This makes me a little nervous to be honest but doesn’t put me off my quest to round the top. The only thing that I sometimes wish I had is the opportunity to bounce ideas off someone else. It would be nice to have another person to say ‘Yeah, let’s go for it’! Or ‘No, don’t be a knob! Instead I have to form my own plan and work through it a few times to ensure that I am happy before actually setting out to do it. However, this is also one of the things that I love about single handed sailing and in fact that is indeed the whole bloody point of it! Making you own plans, your own decisions, untying the lines and giving it a crack.
So, my weather window….. As I type it looks like there might be one! After 8 days of wind in the wrong direction it appears that it is swinging to the south again for a time. I can’t just take the opportunity of the correct wind direction being forecast for a day because I have to factor in the 70 mile sail, taking shelter in Loch Eriboll overnight and then needing favourable winds again to take me to Scabster which is another 35 miles to the East. At that point I can go into a harbour where there is proper shelter. Loch Eriboll does apparently provide good shelter but the weather has been changing so much up here lately that I wouldn’t want to be in there trying to hide from a northerly gale. Loch Eriboll is open to the north so that would be far from ideal and I have no idea how good the sea bed is there from an anchor holding perspective. The other thing is that I would actually like to spend a whole day and another night in Loch Eriboll. It really is in the middle of nowhere and I’d like to enjoy that if I can. What this means is that I am looking for a favourable weather window of at least three but for the sake of safety, four or five days of stable and established weather. A few days ago, the top of the country had a forecast of 12 mph from the west but 30 miles above that location the forecast was for 45 mph from the east! So you can see my problem. The last place that I want to be exposed to a surprise vicious full teeth blow job is up on that coast! If the shelter is no longer good enough or safe in Loch Eriboll, what would I do? Go out into the storm? It’s worth thinking about that scenario but really that scenario doesn’t bare thinking about at all! The sea up there can produce 30 plus foot waves and in a wind against tide situation you are in for a whole world of hurt! I feel that both Fiesta and I would have a fighting chance in those conditions but something has gone completely against the plan if I end up putting that feeling to the test. No thank you!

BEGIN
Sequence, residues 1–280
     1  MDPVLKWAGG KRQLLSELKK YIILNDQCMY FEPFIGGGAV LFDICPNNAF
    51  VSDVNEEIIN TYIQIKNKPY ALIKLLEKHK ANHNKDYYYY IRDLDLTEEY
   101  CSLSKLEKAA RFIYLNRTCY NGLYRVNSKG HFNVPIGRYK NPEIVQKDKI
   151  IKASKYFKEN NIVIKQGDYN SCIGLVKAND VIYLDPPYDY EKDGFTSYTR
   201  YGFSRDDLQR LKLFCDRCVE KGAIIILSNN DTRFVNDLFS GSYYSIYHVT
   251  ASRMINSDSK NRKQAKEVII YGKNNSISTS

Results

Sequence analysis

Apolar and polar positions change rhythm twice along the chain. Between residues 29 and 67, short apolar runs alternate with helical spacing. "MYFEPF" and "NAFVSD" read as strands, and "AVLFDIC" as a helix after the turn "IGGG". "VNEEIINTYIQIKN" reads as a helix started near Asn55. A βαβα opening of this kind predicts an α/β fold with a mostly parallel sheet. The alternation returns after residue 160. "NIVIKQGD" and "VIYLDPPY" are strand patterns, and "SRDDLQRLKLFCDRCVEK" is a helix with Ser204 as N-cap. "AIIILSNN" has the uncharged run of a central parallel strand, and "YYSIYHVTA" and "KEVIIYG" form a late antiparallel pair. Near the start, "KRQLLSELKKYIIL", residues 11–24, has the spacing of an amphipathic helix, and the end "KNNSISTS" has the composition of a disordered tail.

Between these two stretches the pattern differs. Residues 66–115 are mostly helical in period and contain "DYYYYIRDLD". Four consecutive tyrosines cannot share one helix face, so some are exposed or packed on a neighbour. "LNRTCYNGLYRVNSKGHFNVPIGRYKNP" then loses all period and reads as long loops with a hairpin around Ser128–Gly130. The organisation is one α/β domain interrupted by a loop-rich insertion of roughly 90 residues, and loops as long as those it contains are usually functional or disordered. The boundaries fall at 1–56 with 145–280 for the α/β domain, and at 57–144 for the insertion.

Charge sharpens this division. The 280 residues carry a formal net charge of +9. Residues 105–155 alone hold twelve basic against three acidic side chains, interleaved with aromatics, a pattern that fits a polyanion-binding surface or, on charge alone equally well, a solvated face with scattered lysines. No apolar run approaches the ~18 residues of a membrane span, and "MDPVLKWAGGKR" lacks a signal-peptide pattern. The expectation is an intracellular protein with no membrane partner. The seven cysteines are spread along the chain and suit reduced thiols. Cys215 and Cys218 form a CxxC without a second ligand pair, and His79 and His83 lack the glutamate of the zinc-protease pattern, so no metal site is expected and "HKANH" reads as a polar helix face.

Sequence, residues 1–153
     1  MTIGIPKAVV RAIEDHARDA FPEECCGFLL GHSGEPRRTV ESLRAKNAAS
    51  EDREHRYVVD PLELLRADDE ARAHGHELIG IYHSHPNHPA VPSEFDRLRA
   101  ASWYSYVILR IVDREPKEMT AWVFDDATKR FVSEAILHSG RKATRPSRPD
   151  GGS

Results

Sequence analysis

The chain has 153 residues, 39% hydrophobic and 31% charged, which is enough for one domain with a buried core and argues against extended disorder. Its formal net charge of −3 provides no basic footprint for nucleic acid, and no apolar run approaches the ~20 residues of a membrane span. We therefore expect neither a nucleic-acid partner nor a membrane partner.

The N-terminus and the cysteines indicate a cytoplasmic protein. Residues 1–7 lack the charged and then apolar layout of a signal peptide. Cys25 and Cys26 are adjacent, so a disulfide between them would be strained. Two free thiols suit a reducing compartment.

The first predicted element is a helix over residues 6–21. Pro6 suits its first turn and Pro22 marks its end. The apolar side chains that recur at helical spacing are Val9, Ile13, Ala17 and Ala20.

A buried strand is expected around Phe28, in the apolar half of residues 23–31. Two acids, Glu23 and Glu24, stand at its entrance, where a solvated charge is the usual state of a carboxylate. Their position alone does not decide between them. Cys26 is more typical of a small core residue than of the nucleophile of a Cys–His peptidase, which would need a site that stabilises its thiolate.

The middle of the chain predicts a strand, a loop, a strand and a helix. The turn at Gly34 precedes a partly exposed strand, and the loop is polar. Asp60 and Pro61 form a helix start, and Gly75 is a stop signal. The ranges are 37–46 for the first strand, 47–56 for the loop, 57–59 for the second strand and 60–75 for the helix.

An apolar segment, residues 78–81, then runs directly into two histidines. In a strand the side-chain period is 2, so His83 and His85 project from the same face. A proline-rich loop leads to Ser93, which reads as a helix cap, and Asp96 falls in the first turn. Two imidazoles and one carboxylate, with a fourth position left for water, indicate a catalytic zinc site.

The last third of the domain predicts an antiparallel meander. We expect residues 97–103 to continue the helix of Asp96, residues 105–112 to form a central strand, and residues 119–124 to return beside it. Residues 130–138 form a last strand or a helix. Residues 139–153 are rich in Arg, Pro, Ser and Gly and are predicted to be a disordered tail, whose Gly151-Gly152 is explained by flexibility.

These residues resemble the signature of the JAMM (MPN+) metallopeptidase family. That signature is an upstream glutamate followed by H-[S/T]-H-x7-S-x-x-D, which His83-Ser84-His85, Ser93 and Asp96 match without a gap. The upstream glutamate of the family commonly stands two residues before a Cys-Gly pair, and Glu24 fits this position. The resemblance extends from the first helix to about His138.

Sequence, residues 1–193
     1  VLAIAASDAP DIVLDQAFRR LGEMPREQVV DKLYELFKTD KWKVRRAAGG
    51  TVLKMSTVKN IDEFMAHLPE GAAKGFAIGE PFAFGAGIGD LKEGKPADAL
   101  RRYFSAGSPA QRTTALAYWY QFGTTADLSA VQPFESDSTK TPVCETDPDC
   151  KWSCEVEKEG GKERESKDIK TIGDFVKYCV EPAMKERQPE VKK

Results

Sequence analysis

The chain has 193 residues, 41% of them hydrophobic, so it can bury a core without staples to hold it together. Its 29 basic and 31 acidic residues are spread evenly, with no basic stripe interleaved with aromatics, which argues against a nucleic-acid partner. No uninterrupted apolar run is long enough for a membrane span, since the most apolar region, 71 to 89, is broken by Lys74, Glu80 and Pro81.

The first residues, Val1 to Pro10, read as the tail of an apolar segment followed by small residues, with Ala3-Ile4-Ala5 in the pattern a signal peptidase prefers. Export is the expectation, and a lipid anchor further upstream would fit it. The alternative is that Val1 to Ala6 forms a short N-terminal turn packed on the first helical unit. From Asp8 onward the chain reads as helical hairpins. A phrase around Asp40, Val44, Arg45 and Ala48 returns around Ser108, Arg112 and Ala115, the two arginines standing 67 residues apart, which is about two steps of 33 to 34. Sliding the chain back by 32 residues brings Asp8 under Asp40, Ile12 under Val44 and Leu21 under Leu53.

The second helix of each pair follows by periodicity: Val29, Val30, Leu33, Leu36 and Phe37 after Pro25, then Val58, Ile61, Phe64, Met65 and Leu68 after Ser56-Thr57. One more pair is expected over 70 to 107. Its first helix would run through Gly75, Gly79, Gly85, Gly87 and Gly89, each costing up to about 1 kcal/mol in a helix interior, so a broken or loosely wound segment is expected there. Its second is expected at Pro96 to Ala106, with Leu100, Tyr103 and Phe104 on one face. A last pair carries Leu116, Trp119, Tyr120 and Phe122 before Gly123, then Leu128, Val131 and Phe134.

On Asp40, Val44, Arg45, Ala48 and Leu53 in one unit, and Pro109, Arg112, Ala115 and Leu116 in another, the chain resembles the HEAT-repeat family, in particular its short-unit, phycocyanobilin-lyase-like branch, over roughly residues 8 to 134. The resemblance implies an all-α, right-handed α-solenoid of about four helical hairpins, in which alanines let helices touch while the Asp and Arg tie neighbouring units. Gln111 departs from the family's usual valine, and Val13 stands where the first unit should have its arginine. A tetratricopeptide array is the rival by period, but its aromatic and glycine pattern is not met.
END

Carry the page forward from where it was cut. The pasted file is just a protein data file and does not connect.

So there you go. In case you haven’t got the message, I’m watching the weather like a pedo watches a playground. Whoops! Sorry about that but what can I do? Sometimes I’m inappropriate.
If my window of opportunity presents itself then I will present myself to it and if it doesn’t, I will stay put for a while longer.
Whatever happens, I need to time my run through the Pentland Firth to coincide with the tide. If this all sounds a little over dramatic then it’s only because of what is written in the pilot books and on various web sites. An extract that sums up the challenge for me is what follows, taken from the ‘Sailnorthscotland’ website:
Tide flows strongly around and through the Orkney Islands. The Pentland Firth is a dangerous area for all craft, tidal flows reach 12 knots between Duncansby Head and South Ronaldsay. West of Dunnet Head and Hoy is less violent. There is little tide within Scapa Flow. Tidal streams reach 8 – 9 knots at springs in the Outer Sound and 9 – 12 knots between Pentland Skerries and Duncansby Head. The resultant dangerous seas, very strong eddies and violent races should be avoided by yachts at all costs.
There you go, that’s why my mouth is dry and my hands are clammy as I type this. However, in the interest of not being over dramatic, this is a passage taken by countless yachts and the point is that with the correct weather, tide and timing this is a totally achievable passage for Fiesta, Max and I and I’m looking forward to it.
I’ve been trying to photograph one of these annoying little runts since I was in Solva and this is the best I’ve managed. Talk about camera shy! Not so for the dolphins that escorted me into Stornoway!
Looking out to sea from just inside the entrance to Stornoway harbour and the lovely sheltered harbour itself
Stornoway lifeboat and the last fish wife
See those things you’re standing on? Yep, they’re called legs…. Ridiculous invention and almost as bad as an adult on a scooter!!
The beautiful castle and it’s grounds
He found out the hard way that it’s just not deep enough
Lastly, with a little extra time on my hands I have uploaded two new videos in the ‘Other bits’ section. If you want to watch them in order, look at “The Crinan Canal” video first!